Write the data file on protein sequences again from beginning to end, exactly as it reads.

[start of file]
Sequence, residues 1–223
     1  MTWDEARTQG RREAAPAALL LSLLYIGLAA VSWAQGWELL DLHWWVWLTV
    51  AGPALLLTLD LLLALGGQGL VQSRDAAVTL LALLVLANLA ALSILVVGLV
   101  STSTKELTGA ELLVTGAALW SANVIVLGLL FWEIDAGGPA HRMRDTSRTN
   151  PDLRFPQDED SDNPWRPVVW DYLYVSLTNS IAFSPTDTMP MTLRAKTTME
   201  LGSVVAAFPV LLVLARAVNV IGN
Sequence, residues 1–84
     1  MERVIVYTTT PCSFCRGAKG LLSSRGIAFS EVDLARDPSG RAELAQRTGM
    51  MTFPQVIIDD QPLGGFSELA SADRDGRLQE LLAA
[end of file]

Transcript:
Sequence, residues 1–223
     1  MTWDEARTQG RREAAPAALL LSLLYIGLAA VSWAQGWELL DLHWWVWLTV
    51  AGPALLLTLD LLLALGGQGL VQSRDAAVTL LALLVLANLA ALSILVVGLV
   101  STSTKELTGA ELLVTGAALW SANVIVLGLL FWEIDAGGPA HRMRDTSRTN
   151  PDLRFPQDED SDNPWRPVVW DYLYVSLTNS IAFSPTDTMP MTLRAKTTME
   201  LGSVVAAFPV LLVLARAVNV IGN
Sequence, residues 1–84
     1  MERVIVYTTT PCSFCRGAKG LLSSRGIAFS EVDLARDPSG RAELAQRTGM
    51  MTFPQVIIDD QPLGGFSELA SADRDGRLQE LLAA